The June 2 verdict in the trial of former Egyptian President Hosni Mubarak only confirmed what many Egyptian activists feared all along: The trial, while proving that the former leader was not above the law, was never going to be about truth and accountability.
There wasn’t much rejoicing in Cairo, even though the former president was sentenced to life in prison. The trial itself was a desultory affair, with the judge claiming that prosecutors failed to present significant evidence tying the former president to attacks by security forces and Egyptian police that led to around 840 deaths and thousands of injuries during the 2011 uprisings.
Rather than serve the nation's deep need for truth, the trial denied full justice to the thousands of Egyptian victims and family members.
Amnesty welcomed the trial of Mubarak and others for their role in the killing of protesters which began in January 2011. However, the trial and verdict have left the families of those killed, as well as those injured in the protests, in the dark about the full truth of what happened to their loved ones and it failed to deliver full justice.
In Turkey, echoes of past crimes continue to call out for justice. Under Turkey’s infamous Article 301 statute (in which it is a crime to “denigrate Turkishness”), Temel Demirer is still on trial for speaking publicly about the Armenian Genocide. Almost monthly, new mass graves are found from the thousands killed by security forces during the 1980s and 90s. As we have previously reported, investigations of these graves are slipshod and the perpetrators not held to account.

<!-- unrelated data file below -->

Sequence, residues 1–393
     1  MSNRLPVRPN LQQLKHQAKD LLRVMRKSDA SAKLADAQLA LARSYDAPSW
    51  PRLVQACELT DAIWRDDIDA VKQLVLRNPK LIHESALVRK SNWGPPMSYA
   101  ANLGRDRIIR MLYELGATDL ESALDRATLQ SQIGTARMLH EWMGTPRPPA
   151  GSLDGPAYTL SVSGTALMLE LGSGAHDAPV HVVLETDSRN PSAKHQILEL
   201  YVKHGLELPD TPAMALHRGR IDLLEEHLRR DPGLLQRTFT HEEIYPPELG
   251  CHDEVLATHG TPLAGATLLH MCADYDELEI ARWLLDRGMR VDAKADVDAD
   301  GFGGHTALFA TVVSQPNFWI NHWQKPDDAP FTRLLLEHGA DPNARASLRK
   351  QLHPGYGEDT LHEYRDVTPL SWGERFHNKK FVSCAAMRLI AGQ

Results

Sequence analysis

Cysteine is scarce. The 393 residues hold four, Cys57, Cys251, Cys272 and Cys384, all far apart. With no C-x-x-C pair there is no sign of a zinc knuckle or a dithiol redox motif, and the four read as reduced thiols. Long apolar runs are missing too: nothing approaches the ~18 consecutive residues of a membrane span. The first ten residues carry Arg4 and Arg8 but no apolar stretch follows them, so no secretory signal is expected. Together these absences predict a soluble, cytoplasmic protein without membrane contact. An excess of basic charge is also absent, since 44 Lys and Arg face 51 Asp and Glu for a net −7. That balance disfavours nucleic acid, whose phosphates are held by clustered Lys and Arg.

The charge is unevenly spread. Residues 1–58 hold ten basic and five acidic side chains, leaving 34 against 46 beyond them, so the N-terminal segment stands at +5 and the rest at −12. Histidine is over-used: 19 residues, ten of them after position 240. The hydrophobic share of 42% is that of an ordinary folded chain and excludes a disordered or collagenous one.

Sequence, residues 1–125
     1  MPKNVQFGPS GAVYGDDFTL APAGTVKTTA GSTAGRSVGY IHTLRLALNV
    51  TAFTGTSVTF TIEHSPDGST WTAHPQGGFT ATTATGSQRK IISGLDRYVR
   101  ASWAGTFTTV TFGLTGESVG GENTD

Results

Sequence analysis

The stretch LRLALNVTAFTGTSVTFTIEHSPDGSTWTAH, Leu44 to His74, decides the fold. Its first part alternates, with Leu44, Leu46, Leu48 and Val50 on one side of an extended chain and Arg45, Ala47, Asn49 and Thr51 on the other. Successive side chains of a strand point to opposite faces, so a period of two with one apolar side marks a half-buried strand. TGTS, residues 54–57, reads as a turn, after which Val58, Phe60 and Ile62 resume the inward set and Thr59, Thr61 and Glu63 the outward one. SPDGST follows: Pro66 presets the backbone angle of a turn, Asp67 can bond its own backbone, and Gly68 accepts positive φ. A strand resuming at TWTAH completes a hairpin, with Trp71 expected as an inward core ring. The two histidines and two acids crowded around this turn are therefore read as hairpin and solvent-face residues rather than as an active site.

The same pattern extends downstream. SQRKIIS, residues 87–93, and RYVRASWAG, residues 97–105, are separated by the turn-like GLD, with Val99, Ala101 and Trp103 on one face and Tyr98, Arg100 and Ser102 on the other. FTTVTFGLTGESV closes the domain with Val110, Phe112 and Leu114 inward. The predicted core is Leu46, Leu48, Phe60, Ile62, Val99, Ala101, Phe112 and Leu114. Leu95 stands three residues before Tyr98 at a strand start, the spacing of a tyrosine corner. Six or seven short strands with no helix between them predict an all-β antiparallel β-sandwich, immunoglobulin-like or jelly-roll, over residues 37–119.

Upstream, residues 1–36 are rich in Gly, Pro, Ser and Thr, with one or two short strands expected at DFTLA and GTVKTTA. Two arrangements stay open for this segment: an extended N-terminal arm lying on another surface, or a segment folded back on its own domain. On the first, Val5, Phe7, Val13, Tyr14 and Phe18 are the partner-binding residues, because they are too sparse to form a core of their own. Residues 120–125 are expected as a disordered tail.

Emblematic of this grim pattern is the sad legacy of a massacre in Central Anatolian town of Sivas in 1993 (A Turkish documentary on the massacre, with English subtitles, can be found here). The events of that day are shocking still.
Many Amnesty International members have long experience with the challenge of opposing state-sponsored torture in other countries. But when human rights activists in North Carolina found that a trail of torture led to their own backdoor, they learned that talking to neighbors about human rights abuses is just as difficult as challenging a foreign government.
The Washington Post last week featured a story, “Hangar 3’s Mystery” about the work of North Carolina Stop Torture Now to document the activities of a small, nominally private air charter company, Aero Contractors, whose headquarters are at an airfield in Smithfield, North Carolina.
Wednesday, January 11 marked 10 years since the US government brought the first twenty Muslim men to the US Naval base at Guantanamo Bay, Cuba, in order to detain and interrogate them outside of the law.
Provisions that were snuck into the bill with little notice from mainsteam media could spell indefinite detention without a hearing, keep Guantanamo open, and hinder fair trials. With your help, we can ensure that human rights violating provisions in the draft bill do not become law.
Amnesty members deliver balloons to the Iran Mission to the UN to draw attention to its human rights abuses.
Poor Mohammad Javad Larijani has been putting so much effort into painting a happy face over Iran’s dismal human rights record, and yet the Iranian government has not succeeded in fooling the international community about its “commitment” to human rights.